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Research symposium highlights and prize winners

Jennie Scarvell, APAM
3 December 2016

Professor Robin Daly and Dr Jennie Gianoudis’ paper on ‘Osteo-cise: Strong Bones for Life’ (Daly and Gianoudis et al, 2012) was the first program, I believe, to actually increase bone density with an exercise program. This certainly challenges our notion that while you might slow the decline in bone density with exercise, you cannot increase it in over-40s. Osteo-cise challenges the exercise ‘boundaries’ in ageing for progressive resistance training, for balance and falls training.

Robin, who holds the position of Chair in Exercise and Ageing within the Institute for Physical Activity and Nutrition at Deakin University in Melbourne, was the keynote speaker at our symposium, and he presented very exciting and challenging ideas on falls, ageing and strength in older people.

Robin’s research has focused on the integration of exercise physiology and nutrition as a means to both prevent disease and improve health outcomes across the lifespan, particularly in older adults. He has designed and completed many clinical and translational intervention trials to prevent and manage common chronic diseases, such as osteoporosis, sarcopenia, falls and type 2 diabetes.

In physiotherapy, our PhD and Master students are generally physiotherapists who have been considering their practice and have begun asking hard questions about the science or evidence underpinning our practice. So, it is always interesting to hear what they have to say. We welcomed two students from the first honours program of the Bachelor of Physiotherapy at UC: Abby Benton, APAM, spoke on how to discuss continence with teenage athletes, and Nicki Hribar, APAM, discussed gender differences in knee motion using 3D imaging.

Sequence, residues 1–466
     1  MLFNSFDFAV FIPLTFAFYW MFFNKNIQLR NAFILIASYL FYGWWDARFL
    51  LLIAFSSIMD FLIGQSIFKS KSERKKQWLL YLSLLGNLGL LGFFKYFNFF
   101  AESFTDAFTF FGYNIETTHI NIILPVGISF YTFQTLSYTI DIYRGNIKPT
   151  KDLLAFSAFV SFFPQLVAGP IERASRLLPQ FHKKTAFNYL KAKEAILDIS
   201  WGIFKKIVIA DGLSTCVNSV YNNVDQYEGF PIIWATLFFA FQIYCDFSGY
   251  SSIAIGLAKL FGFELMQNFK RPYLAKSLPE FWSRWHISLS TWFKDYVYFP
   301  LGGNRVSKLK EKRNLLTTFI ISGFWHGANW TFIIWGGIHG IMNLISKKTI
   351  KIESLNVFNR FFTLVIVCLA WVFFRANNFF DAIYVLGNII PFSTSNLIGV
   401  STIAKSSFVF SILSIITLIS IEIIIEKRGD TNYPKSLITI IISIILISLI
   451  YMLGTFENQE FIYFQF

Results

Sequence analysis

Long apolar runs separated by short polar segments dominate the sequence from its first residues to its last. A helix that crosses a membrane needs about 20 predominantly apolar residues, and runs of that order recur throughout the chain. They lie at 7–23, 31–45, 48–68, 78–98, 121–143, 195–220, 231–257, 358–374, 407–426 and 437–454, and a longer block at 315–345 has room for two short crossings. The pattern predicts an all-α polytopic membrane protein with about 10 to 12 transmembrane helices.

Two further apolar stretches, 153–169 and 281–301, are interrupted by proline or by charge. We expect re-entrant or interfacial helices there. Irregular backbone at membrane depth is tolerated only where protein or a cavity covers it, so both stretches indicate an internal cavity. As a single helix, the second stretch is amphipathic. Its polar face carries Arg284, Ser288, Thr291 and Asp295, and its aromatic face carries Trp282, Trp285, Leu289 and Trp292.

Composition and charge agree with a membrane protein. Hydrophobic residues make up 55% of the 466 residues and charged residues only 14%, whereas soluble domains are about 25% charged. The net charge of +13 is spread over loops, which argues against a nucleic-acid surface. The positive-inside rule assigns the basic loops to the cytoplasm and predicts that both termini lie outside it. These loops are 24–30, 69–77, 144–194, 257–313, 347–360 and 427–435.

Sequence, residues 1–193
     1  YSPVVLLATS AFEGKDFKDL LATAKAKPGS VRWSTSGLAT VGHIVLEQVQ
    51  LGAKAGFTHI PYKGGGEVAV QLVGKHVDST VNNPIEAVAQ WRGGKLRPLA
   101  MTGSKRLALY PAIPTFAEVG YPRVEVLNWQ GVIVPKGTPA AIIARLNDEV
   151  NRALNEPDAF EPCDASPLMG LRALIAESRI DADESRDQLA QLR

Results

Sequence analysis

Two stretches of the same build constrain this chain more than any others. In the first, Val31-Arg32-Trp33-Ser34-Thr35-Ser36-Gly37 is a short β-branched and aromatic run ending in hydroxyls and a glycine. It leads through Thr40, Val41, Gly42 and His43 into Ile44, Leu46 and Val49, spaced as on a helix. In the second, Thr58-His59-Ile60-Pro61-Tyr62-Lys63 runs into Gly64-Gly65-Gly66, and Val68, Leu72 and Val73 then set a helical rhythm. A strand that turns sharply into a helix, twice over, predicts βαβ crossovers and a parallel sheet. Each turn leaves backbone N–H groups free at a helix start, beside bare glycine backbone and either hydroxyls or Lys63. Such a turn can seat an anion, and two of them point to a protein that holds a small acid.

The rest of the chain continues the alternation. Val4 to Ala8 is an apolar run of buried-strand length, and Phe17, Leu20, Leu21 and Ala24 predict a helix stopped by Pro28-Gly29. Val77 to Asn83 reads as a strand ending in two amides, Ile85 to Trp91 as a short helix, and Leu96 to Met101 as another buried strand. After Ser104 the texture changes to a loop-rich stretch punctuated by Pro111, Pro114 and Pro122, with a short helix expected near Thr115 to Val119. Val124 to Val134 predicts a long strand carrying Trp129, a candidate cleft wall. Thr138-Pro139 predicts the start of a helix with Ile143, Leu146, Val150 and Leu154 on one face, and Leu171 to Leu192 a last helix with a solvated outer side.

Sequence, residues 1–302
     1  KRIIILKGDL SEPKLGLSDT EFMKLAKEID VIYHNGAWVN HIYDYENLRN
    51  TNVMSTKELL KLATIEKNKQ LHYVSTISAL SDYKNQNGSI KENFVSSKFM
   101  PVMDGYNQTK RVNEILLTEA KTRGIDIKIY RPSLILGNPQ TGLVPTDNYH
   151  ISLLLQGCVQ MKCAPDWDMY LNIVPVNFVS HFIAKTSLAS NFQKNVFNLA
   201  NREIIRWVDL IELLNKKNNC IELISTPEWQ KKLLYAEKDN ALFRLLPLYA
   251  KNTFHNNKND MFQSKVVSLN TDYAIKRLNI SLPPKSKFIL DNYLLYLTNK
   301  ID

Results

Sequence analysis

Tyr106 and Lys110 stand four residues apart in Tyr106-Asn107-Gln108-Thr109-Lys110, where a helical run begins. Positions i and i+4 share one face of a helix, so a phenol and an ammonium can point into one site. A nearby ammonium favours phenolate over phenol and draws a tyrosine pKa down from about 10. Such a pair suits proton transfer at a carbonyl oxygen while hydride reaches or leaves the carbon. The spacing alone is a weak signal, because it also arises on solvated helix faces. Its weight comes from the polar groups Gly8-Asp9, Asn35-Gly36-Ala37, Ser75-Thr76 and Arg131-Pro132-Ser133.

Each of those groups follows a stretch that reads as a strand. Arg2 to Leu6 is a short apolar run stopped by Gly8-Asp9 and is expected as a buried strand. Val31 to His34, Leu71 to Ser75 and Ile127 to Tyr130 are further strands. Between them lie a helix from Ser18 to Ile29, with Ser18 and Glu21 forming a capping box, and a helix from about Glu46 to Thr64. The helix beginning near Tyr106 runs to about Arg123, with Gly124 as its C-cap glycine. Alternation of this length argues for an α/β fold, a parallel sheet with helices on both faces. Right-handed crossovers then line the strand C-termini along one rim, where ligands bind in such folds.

The prizes for the day went to:
  • Best discussion generating paper: Ella Ward, APAM—‘Fat pads adjacent to tendinopathy: more than a coincidence?
  • Best student paper: Peter Beshara, APAM—‘Shoulder Prehabilitation Exercise and Education (SPrEE) program for patients awaiting rotator cuff surgery on function and quality of life: a randomised, controlled trial’
  • Best poster: Rebecca Cesnik—‘A 12-week supervised exercise program improves functional outcomes for patients diagnosed with cancer’
  • Best paper: Dr Diana Perriman, APAM—‘Why do some people have multiple dislocations after a total hip arthroplasty?’
The Pharmacology Handbook for Physiotherapists was launched by Elsevier. Authors Dr Jackie Reznik, APAM, and Jo Morris, APAM, as well as co-authors Bernie Bissett and Katie Vine, APAM, were proud to be seeing it in print for the first time. At a time when physiotherapy is working towards medications-prescribing privileges, this is an important book. Physiotherapists are in a position where knowledge of pharmacology and pharmacokinetics is alongside of our anatomy, physiology and other theoretical foundations. We need to know already how medications interact with our therapies and physiological responses in our patients. This is a very accessible handbook to provide that guidance.

Finally, this is my last symposium as convenor. I would like to pay tribute to the fantastic team of people who have made the last 10 years of my chairpersonship extraordinary. Careful and detailed organisation skills come from Jenny Robertson and Caroline Jones at the APA office, and the APA owes a lot to its volunteer members. On the symposium committee, my heartfelt thanks to Jason Whittingham, APAM; Dr Angie Fearon, APAM; Musculoskeletal Physiotherapist Toni Green, APAM; Diana Perriman; Dr Irmina Nahon, APAM; and Jeremy Witchalls, APAM, for many years of dedication to make the symposium happen. Our new partners Niru Mahendran, APAM; Roy Daniell, APA Musculoskeltal Physiotherapist; Jamie Gaida, and new chair, Liz Preston, APAM, are a very welcome crew. Thank you all for the work of the past many years.

Jennie Scarvell is a Professor of Physiotherapy at the University of Canberra.



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